Definition from Wiktionary, the free dictionary
Jump to navigation Jump to search



repugnant +‎ -cy



repugnancy (countable and uncountable, plural repugnancies)

  1. The quality of being repugnant: offensiveness, repulsion.
    • 1644, Samuel Rutherford, Lex, Rex, London: John Field, Quest. VIII, p. 49,[1]
      [] howsoever nature dictates, that government is necessary for the safety of the society, yet every singular person, by corruption and selfe-love, hath a naturall aversenesse and repugnancie to submit to any; every man would be a King himselfe []
    • 1673, Hannah Woolley, The Gentlewomans Companion, London: Dorman Newman, “Some choice Observations for a Gentlewomans Behaviour at Table,” p. 70,[2]
      If you be carved with any thing [] which you do not like, conceal (as much as in you lieth) your repugnancies, and receive it however: And though your disgust many times is invincible, and it would be insufferable tyranny to require you should eat what your stomach nauseates; yet it will shew your civility to accept it, though you let it lye on your plate, pretending to eat, till you meet with a fit opportunity of changing your plate, without any palpable discovery of your disgust.
    • 1893, Mordecai Cubitt Cooke, Our Reptiles and Batrachians, London: W.H. Allen, “The Common Toad,” p. 118,[3]
      Even Pennant, with all his repugnancy to the toad, could not be induced to favour the popular belief in its poisonous character.
  2. The quality of being repugnant: (logical) opposition, contradiction, incompatibility.
    • 1559, William Cuningham, The Cosmographical Glasse, Book 2,[4]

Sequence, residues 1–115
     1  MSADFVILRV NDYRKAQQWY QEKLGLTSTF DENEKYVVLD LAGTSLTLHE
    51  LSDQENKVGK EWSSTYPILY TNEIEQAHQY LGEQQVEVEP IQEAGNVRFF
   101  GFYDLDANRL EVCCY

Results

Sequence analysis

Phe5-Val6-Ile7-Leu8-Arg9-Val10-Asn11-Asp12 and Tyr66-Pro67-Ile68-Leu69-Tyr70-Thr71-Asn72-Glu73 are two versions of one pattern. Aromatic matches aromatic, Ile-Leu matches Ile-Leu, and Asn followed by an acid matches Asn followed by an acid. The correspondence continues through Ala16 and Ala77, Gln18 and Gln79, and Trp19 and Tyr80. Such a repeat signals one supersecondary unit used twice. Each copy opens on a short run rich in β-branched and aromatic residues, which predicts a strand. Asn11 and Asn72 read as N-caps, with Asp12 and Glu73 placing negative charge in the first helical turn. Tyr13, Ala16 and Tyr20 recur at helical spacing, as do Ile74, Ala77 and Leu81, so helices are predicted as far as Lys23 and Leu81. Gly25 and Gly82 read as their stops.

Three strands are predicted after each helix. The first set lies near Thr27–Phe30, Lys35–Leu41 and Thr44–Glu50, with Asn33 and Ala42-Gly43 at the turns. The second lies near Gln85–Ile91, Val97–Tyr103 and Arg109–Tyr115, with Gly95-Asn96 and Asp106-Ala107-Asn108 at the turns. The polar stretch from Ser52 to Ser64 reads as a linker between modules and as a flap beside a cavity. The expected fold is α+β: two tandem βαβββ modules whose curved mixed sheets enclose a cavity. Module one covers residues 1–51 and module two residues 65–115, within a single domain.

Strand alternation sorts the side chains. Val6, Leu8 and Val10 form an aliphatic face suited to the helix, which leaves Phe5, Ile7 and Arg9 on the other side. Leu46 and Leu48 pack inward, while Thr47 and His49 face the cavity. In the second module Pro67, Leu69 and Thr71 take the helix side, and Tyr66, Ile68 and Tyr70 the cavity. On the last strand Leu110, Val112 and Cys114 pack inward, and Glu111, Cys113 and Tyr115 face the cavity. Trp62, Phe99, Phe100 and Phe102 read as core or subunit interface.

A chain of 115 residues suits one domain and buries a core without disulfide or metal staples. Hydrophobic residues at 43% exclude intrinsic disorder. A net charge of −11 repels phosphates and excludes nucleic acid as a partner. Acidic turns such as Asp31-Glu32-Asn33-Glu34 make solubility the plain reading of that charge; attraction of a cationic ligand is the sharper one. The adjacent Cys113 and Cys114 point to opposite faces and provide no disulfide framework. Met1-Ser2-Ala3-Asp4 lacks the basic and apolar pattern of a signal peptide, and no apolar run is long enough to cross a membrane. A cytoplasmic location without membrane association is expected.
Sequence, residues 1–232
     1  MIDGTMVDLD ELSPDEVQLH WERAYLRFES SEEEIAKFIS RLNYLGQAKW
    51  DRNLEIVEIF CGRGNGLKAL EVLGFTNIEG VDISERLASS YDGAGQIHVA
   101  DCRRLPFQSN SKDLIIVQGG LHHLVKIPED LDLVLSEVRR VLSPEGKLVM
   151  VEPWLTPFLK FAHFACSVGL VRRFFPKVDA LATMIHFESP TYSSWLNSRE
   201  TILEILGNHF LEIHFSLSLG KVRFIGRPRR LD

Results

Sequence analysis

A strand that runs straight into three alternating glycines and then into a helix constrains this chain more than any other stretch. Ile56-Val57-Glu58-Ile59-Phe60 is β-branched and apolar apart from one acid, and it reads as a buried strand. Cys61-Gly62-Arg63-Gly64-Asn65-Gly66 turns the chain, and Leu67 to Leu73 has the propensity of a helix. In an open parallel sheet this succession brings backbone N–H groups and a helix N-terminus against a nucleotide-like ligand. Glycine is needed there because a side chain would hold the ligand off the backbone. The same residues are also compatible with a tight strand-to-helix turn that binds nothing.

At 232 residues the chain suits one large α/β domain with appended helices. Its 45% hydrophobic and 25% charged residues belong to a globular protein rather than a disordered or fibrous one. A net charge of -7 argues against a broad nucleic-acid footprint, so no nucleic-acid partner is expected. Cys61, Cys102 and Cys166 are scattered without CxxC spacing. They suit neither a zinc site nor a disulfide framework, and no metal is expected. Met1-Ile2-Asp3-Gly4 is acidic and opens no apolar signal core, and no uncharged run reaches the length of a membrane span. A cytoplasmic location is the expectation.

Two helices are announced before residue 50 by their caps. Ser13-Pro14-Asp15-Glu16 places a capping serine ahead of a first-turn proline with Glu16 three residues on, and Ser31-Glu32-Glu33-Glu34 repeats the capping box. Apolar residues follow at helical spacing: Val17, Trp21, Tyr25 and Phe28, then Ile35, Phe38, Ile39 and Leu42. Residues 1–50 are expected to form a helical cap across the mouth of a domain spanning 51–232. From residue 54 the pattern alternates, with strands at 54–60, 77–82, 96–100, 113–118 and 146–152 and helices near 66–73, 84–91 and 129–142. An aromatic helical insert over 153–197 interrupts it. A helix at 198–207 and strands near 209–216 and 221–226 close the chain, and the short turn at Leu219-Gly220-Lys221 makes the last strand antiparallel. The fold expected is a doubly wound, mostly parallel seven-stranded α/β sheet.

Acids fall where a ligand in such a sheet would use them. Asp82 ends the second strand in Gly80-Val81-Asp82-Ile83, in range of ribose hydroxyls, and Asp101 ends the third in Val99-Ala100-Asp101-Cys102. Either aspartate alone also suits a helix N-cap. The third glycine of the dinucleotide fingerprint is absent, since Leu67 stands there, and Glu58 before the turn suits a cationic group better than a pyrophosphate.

For if the paralleles be of this nature, that howe muche the nearer we are th’equinoctiall, so muche the greater is the heate: and howe muche the furder remoued from th’equinoctiall, so muche the colder the qualitie of the aire is: there must seme a manifest repugnancie, betwixt Auicenne, & the Geographers.
    • 1710, George Berkeley, A Treatise Concerning the Principles of Human Knowledge, Part I, Dublin: Jeremy Pepyat, pp. 175-176,[5]
      [] this Notion is the Source from whence do spring, all those Amusing Geometrical Paradoxes, which have such a direct Repugnancy to the plain, common Sense of Mankind, and are admitted with so much Reluctance, into a Mind not yet debauched by Learning []
    • 1773, William Hazlitt, An Essay on the Justice of God, London: J. Johnson, p. 16,[6]
      The first man, Adam, experienced no kind of repugnancy between the divine justice and the divine mercy.
  3. (archaic) Resistance, fighting back.
    • c. 1607, William Shakespeare, Timon of Athens, Act III, Scene 5,[7]
      Why do fond men expose themselves to battle,
      And not endure all threats? sleep upon’t,
      And let the foes quietly cut their throats,
      Without repugnancy?

See also[edit]